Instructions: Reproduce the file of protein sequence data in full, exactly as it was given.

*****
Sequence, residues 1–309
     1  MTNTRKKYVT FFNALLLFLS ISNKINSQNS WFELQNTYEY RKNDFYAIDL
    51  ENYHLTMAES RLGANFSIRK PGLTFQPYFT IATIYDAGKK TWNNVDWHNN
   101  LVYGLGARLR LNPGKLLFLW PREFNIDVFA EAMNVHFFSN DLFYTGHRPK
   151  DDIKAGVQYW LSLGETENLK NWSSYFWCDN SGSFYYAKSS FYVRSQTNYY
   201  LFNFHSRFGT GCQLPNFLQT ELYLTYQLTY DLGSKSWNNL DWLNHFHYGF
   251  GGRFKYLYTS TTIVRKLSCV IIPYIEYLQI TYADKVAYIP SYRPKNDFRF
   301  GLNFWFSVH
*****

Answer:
Sequence, residues 1–309
     1  MTNTRKKYVT FFNALLLFLS ISNKINSQNS WFELQNTYEY RKNDFYAIDL
    51  ENYHLTMAES RLGANFSIRK PGLTFQPYFT IATIYDAGKK TWNNVDWHNN
   101  LVYGLGARLR LNPGKLLFLW PREFNIDVFA EAMNVHFFSN DLFYTGHRPK
   151  DDIKAGVQYW LSLGETENLK NWSSYFWCDN SGSFYYAKSS FYVRSQTNYY
   201  LFNFHSRFGT GCQLPNFLQT ELYLTYQLTY DLGSKSWNNL DWLNHFHYGF
   251  GGRFKYLYTS TTIVRKLSCV IIPYIEYLQI TYADKVAYIP SYRPKNDFRF
   301  GLNFWFSVH